The Feminist Majority Foundation joined the Leadership Conference on Civil and Human Rights, along with nearly 400 other national organizations, to send a joint letter to leaders of Congress today calling for immediate federal legislation to deter police brutality against Black Americans.

The letter outlined eight legislative steps Congress should take to address police brutality. These measures are: limiting the use of force only as a last resort, prohibiting actions that restrict blood or oxygen to the brain, prohibiting racial profiling, ending the transfer of military equipment to police, prohibiting no-knock drug warrants, easing the standard for prosecuting civil rights violations, developing a national database for police misconduct, and ending qualified immunity for police officers.

The letter urges Congress to take action and pass sweeping legislation in response to recent acts of police brutality that sparked outrage across the nation. The National Conference also requested a meeting with congressional leadership in the next week.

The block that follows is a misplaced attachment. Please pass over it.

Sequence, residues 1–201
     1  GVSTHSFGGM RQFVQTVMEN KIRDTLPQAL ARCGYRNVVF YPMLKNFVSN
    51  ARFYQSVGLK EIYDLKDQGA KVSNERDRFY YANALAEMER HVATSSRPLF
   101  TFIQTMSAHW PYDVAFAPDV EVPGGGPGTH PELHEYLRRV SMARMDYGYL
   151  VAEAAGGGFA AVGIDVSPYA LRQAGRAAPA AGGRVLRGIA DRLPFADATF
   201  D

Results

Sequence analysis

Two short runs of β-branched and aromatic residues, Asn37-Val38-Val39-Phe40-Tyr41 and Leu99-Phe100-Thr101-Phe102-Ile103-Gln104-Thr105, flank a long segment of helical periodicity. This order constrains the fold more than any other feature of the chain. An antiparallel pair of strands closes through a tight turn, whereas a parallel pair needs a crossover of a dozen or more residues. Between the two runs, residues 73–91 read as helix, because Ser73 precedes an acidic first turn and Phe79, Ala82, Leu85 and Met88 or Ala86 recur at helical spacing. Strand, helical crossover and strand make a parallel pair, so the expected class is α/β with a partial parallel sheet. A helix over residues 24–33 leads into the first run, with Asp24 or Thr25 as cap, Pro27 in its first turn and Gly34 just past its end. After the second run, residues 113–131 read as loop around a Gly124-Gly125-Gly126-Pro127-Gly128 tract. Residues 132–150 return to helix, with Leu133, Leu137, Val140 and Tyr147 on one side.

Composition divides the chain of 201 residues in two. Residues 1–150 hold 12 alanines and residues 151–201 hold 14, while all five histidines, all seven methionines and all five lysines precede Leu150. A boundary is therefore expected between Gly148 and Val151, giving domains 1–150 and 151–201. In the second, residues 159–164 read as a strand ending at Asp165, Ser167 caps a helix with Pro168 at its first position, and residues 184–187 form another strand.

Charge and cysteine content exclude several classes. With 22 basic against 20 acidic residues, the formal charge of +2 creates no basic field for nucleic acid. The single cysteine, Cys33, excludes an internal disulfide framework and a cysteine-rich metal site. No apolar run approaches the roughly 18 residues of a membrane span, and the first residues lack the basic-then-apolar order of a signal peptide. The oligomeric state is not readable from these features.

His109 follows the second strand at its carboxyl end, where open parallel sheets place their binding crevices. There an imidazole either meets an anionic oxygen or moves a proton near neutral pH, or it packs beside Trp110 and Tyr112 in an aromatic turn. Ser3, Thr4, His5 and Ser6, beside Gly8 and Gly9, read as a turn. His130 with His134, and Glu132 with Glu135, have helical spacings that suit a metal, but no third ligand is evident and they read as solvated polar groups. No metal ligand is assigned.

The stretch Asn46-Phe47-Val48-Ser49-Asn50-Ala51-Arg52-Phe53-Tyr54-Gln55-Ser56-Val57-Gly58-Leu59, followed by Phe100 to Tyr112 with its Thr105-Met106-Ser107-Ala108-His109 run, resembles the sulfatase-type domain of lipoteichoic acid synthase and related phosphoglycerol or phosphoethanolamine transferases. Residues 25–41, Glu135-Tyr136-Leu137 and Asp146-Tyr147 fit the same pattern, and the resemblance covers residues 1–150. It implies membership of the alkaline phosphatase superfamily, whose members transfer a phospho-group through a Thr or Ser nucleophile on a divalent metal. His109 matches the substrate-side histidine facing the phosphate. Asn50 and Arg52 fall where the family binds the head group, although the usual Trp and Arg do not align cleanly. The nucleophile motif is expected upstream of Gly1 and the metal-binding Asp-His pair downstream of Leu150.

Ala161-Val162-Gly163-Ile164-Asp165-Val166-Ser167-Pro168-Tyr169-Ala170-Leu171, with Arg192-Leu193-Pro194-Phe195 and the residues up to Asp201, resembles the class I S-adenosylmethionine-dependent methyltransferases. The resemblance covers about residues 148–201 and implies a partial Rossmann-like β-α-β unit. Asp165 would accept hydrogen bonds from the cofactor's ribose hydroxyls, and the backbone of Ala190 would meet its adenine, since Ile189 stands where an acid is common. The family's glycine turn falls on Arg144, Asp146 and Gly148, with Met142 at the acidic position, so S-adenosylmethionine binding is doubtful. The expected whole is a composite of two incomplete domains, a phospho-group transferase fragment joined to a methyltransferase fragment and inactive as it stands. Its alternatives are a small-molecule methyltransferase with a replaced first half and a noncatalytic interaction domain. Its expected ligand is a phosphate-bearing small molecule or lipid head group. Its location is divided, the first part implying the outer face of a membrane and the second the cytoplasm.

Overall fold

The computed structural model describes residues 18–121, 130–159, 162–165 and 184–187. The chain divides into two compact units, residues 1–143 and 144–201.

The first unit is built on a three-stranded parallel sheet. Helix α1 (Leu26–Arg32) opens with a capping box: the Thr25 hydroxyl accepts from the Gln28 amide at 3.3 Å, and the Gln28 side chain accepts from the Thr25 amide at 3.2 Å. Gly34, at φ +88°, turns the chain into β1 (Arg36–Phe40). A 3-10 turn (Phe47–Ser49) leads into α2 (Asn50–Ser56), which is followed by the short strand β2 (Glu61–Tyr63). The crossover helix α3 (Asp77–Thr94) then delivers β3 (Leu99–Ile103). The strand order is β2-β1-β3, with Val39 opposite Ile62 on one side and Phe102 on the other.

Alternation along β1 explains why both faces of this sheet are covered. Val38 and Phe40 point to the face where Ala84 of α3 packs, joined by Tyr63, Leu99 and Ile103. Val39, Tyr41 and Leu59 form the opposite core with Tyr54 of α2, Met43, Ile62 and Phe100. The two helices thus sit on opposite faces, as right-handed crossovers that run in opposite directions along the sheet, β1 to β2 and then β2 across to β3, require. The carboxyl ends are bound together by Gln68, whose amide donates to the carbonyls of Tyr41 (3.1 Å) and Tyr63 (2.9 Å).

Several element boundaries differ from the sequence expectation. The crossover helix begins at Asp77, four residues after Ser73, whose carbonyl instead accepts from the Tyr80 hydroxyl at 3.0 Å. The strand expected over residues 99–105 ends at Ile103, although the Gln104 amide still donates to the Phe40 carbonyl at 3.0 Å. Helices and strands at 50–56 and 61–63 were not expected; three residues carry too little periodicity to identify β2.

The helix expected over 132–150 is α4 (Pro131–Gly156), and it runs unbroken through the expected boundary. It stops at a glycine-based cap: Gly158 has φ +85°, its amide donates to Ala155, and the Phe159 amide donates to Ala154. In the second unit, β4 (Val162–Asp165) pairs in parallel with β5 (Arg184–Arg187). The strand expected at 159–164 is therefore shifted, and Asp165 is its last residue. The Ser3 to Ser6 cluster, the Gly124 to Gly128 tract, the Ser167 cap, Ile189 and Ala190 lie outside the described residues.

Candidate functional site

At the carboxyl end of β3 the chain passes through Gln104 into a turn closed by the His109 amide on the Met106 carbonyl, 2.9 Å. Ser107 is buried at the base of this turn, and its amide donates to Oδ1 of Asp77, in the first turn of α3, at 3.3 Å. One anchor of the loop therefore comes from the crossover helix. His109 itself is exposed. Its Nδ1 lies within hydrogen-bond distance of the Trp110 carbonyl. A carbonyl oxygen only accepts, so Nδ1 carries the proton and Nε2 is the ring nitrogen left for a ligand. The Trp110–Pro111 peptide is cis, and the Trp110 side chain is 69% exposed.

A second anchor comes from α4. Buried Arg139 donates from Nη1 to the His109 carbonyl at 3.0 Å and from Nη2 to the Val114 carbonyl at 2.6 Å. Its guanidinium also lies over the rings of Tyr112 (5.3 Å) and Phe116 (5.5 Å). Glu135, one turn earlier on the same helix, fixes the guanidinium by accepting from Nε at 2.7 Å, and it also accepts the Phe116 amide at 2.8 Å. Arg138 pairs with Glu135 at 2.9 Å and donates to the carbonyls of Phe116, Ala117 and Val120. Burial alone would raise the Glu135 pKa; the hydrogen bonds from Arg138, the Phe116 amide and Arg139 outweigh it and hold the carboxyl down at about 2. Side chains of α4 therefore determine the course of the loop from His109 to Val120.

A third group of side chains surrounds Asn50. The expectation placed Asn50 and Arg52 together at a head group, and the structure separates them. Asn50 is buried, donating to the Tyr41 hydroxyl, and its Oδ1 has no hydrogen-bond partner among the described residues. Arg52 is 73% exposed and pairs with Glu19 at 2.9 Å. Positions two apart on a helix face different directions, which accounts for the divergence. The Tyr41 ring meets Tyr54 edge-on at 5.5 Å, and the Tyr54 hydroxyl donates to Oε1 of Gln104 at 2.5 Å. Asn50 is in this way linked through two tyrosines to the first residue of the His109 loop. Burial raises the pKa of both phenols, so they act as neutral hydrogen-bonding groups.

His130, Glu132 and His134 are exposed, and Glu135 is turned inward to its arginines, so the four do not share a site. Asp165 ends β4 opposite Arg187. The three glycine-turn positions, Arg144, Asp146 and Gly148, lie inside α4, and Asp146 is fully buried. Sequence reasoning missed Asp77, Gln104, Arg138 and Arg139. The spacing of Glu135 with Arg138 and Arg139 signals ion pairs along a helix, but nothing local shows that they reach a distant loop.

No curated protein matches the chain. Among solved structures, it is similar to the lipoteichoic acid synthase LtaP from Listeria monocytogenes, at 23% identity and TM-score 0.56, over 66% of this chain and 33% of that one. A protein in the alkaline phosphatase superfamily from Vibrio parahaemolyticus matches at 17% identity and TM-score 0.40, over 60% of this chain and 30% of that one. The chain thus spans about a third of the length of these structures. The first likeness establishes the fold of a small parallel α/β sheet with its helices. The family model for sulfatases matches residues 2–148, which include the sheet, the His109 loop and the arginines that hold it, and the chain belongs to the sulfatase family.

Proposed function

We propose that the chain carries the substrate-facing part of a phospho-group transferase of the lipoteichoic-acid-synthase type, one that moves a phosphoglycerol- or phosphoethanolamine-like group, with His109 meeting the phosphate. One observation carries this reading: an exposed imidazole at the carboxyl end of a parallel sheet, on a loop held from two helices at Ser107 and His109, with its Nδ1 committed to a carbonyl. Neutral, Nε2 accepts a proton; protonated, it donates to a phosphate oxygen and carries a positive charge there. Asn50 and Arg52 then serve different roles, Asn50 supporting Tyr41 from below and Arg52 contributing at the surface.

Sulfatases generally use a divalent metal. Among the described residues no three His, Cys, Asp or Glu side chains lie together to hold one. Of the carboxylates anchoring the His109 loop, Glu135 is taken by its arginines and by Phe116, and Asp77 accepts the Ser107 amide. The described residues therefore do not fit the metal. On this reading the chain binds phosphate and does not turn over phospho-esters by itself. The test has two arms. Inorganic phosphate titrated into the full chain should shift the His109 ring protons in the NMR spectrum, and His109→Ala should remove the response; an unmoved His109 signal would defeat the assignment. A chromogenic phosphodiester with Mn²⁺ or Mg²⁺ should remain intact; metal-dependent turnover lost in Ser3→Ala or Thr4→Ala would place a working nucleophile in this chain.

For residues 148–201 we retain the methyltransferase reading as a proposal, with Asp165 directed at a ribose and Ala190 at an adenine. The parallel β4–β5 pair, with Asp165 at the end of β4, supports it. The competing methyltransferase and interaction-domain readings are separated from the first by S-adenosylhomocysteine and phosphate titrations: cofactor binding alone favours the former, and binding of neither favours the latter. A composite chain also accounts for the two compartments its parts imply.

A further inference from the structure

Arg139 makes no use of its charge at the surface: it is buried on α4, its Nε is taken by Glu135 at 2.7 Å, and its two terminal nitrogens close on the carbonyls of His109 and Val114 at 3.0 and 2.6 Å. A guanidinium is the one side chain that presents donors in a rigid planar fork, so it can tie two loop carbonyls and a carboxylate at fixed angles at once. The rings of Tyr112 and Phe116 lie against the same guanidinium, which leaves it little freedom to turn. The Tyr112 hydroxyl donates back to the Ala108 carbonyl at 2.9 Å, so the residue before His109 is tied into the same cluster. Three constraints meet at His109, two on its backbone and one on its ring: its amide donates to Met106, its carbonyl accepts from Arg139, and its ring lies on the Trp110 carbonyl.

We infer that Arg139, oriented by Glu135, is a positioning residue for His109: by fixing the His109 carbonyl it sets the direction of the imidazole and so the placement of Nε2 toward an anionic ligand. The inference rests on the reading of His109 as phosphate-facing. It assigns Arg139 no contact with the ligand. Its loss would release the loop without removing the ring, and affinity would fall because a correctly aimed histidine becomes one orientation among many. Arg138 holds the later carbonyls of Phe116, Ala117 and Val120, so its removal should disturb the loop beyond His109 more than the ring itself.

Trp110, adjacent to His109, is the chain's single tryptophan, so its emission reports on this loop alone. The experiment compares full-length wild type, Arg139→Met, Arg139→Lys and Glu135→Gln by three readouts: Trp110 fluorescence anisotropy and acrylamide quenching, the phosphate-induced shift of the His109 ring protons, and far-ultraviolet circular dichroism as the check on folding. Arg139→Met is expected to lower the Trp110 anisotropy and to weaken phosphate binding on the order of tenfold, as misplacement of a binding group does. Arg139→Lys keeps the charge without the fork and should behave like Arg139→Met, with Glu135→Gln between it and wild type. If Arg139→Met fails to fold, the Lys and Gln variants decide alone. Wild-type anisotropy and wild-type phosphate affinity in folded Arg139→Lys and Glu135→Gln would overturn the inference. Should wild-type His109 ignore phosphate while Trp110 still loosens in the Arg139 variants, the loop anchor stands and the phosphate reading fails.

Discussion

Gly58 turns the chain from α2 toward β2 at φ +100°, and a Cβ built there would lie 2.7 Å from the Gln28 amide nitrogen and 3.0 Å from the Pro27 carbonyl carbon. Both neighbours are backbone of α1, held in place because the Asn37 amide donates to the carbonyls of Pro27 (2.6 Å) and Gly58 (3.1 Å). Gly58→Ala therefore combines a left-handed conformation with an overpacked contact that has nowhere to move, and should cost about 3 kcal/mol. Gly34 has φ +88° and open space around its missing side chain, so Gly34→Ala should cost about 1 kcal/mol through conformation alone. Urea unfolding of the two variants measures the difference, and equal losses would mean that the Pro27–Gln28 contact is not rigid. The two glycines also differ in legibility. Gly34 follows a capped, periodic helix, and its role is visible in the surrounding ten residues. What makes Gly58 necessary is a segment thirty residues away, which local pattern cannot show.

So far, the response to police brutality sohas only been “cosmetic tinkering.” Instead, the letter stresses that Congress needs to implement substantive structural changes to protect Black communities from over-policing.

The cases of George Floyd, Ahmaud Arbery, Breonna Taylor, Dreasjon Reed, and Tony McDade all highlight structural failures that lead to the taking of Black lives. The officer who held his knee on Floyd’s neck had 18 misconduct complaints against him, and was disciplined for two, yet was still allowed to serve on the police force.

Congress has a responsibility to take action to ensure the protection of Black people, according to the letter.

“It is your moral and ethical duty to ensure Black people and communities are free from the harm and threats from law enforcement and to curtail state sanctioned police violence and militarized police responses.”


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